There was a strenuous opposition to the removal of the church from its ancient site, but on June 23, the male members of the congregation voted, twenty to eighteen, to build at the corner of Ellison and Hamilton Streets. Whereupon the dissatisfied members decided to withdraw and organize a new church. This embarrassed the others for a while, but on November 12th, 1827, the old congregation voted to build on Main Street near Ellison, and in February 1828, gave out a contract to Peter A. Merselis for the carpenter work for $2,400, and decided to have the masonry done by day’s work.
On March 15th, 1829, the new church was opened and dedicated by Rev. Mr. Eltinge, who preached from Psalm 84:1: “How amiable are thy tabernacles, O Lord of Hosts!” The next day pews were sold to the amount of $8,000. The site of the old church on Water Street was disposed of, but the old burying-ground was not, and unfortunately, it was sadly neglected so that for many years it was an eyesore. Dominie Eltinge remained with the Totowa Church until December 10th, 1822, when he withdrew, and thereafter devoted his time to the Paramus Church until his death in 1862, having been a pastor for Paramus for fifty-one years.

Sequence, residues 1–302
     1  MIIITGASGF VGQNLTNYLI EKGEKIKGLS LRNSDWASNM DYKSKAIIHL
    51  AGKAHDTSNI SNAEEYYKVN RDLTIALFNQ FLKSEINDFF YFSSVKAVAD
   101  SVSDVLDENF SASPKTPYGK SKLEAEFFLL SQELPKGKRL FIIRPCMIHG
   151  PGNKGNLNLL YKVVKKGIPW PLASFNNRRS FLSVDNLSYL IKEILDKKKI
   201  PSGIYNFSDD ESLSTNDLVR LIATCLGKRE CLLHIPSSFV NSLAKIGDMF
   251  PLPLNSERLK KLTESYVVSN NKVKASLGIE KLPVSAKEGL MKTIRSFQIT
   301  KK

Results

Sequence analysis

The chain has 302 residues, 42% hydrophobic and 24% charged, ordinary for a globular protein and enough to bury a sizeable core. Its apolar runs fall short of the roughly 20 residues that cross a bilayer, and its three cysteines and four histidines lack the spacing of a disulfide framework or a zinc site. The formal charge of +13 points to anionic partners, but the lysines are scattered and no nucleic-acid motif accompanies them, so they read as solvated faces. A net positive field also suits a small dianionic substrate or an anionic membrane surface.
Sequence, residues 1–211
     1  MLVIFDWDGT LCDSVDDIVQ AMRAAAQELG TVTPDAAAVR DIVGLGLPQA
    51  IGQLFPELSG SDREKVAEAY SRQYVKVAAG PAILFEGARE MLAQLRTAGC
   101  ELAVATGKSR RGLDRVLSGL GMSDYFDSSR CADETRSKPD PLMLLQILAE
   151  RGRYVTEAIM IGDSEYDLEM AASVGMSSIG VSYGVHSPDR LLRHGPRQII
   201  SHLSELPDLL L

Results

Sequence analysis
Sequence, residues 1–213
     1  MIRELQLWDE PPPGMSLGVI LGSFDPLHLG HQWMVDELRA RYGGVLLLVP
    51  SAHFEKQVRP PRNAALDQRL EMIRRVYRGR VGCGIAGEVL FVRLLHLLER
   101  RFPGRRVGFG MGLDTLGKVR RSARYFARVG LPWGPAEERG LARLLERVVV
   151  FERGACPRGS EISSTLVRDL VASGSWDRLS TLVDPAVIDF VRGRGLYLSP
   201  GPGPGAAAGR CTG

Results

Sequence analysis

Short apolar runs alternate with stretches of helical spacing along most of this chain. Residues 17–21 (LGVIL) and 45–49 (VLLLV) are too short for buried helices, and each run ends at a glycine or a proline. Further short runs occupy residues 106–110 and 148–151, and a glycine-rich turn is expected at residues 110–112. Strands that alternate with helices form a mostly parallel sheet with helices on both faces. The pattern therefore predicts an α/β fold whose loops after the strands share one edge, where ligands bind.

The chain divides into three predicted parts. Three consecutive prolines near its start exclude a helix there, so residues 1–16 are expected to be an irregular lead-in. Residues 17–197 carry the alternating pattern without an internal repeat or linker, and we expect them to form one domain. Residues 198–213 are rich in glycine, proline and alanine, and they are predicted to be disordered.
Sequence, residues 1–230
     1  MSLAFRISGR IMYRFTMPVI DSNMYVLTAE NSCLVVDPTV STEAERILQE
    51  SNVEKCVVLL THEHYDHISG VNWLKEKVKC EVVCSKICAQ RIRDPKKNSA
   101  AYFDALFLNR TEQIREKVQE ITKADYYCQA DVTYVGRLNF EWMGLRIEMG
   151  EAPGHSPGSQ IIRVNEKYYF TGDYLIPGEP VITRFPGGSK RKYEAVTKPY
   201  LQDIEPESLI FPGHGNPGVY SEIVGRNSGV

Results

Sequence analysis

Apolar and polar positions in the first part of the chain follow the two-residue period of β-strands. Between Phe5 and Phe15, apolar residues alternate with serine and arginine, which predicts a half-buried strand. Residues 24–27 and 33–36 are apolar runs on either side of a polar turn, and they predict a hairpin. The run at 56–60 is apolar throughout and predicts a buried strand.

He was succeeded in the Church at Paterson by the Rev. John C. Vandervoort, who remained from 1834 to 1837, when he was called to Kinderhook, N.Y. He was greatly esteemed, and gratifyingly successful while in Paterson.
The Rev. Ebenezer Wiggins, who had just been graduated from the New Brunswick Theological Seminary, was called to Paterson in 1837 and remained here for nineteen years. He was of the straightest sect of orthodox preachers, and therein was highly acceptable to the old people
His successor was Rev. Philip Pelts, who came here in 1857, and labored with excellent success for three years when he was chosen the corresponding secretary of the Foreign Mission of the denomination.
In the summer of 1860 the Rev. Alexander McKelvey was called, who remained until 1865, and soon after went to Coxachie, N.Y.